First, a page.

Diverse, colourful, animal-like, bioluminescent and often toxic. Sounding like an unfriendly creature from another planet, rainforest fungi are quite the opposite, as they are crucial to the survival of one of the world’s most sensitive ecosystems.
Firstly, their animal association sprouted after it was found fungi do not contain chlorophyll like other plants, rather they are heterotrophic, producing their own food and chitin in their cell walls, much like animals.
Comprising one of the five biological kingdoms on Earth, fungi love moisture and shaded areas, places commonly found in a rainforest environment. Here they take over the dark crevices of Australia at an alarming rate, as they flourish in North Queensland after periods of intense summer rain.
A member of the rainforest bioluminescent family, along with fireflies, glow worms and earthworms, rainforest fungi play an important part in the forest ecosystem by breaking down wood for other plants and animals while enriching the forest floor with nutrients.
The tough part of the wood, lignin, is broken down by bracket fungi. This common type of fungi doesn’t require water in its tough structure, although it does require the wood to have a high amount of water prior to digestion. Many other types of fungi, however, require water to maintain upright.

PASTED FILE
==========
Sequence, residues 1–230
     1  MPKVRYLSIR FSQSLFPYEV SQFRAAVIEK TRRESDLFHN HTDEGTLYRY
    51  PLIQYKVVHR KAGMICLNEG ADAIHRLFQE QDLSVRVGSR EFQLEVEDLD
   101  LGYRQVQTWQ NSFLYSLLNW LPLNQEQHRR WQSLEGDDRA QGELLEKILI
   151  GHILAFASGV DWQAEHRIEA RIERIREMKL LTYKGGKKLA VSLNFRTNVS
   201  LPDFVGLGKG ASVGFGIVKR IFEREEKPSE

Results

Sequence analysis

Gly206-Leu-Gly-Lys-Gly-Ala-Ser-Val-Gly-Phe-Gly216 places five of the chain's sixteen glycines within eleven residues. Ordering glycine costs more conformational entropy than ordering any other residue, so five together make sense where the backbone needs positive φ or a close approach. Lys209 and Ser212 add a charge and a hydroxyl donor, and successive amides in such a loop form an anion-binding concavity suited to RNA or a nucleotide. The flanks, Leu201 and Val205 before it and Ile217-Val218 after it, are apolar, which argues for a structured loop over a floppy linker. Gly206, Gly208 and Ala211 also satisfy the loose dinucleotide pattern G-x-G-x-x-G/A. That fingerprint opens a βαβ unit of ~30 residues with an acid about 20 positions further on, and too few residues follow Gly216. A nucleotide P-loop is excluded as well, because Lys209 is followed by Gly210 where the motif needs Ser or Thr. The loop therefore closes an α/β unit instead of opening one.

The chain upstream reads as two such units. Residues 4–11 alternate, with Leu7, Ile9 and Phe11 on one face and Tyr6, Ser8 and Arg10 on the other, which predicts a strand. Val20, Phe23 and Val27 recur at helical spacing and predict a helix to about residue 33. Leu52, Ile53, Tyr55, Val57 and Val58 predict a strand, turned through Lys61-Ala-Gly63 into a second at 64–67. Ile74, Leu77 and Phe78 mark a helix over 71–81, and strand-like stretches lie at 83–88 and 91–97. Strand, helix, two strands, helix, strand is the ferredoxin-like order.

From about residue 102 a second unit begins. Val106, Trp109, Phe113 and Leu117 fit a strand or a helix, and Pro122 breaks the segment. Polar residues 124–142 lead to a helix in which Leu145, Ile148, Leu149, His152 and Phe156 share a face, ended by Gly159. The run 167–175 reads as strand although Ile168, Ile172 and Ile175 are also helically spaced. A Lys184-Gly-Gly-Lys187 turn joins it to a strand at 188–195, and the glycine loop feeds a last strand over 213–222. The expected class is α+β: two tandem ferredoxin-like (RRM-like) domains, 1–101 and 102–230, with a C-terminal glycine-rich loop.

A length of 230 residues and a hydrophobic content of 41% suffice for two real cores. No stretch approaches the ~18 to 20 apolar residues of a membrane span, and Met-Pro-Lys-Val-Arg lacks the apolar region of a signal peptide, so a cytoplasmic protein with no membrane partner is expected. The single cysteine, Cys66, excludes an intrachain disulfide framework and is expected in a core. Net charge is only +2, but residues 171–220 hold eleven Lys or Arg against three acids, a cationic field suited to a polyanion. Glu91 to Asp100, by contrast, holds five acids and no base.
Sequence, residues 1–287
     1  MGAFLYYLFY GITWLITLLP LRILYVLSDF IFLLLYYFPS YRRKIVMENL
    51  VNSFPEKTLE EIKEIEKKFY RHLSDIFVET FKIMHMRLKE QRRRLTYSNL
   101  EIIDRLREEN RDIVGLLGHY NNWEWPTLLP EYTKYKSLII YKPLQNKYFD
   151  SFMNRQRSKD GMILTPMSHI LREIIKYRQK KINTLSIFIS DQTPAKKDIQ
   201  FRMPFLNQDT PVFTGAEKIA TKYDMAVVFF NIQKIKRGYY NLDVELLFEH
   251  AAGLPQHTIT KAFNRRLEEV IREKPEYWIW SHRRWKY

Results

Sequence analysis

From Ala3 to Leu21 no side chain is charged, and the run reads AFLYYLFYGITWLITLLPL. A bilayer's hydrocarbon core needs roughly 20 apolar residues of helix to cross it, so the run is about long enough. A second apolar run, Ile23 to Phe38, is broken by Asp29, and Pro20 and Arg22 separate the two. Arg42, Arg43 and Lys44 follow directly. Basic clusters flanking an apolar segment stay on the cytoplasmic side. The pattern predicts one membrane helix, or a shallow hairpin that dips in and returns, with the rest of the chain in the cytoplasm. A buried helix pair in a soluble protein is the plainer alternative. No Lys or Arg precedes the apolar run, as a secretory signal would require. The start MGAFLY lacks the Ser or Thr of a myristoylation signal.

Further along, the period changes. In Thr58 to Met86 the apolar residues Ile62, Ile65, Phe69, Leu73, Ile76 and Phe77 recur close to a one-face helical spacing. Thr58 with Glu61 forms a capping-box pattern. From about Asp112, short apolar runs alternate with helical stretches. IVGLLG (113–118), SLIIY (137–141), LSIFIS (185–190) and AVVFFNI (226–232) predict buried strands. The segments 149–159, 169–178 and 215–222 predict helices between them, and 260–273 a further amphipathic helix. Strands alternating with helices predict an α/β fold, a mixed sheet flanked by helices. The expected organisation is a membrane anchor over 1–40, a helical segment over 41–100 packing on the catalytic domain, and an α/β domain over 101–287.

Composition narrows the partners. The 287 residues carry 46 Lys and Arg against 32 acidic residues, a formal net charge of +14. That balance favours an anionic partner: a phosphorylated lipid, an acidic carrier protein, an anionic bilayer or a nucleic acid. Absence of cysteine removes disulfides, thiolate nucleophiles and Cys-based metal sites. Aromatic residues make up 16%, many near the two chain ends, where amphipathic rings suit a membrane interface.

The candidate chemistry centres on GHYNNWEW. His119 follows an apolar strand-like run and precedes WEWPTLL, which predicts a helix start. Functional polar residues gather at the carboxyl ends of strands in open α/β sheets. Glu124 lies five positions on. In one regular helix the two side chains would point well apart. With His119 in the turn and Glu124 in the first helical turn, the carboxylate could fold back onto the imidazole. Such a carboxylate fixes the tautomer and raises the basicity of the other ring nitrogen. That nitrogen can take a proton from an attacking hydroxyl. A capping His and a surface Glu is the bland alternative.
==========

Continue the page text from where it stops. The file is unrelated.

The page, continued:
Unlike many of its earth growing neighbours, rainforest fungi does not flower. Instead they produce spores which are dispersed by both animals and the elements. They also act as a mutualists on tree roots, by transferring nutrients to the tree via a process called mycorrhiza, while receiving proteins, sugars and vitamins in return.
While toxic to humans, rainforest fungi provide a source of food for insects, slugs, snails and the Southern Cassowary. In all, there are thought to be many more types of these strange and wonderful organisms than are presently known, with those visible to humans comprising merely 5% of the total fungal kingdom.
Checkout some of these fungi photographed in the North Queensland Forest…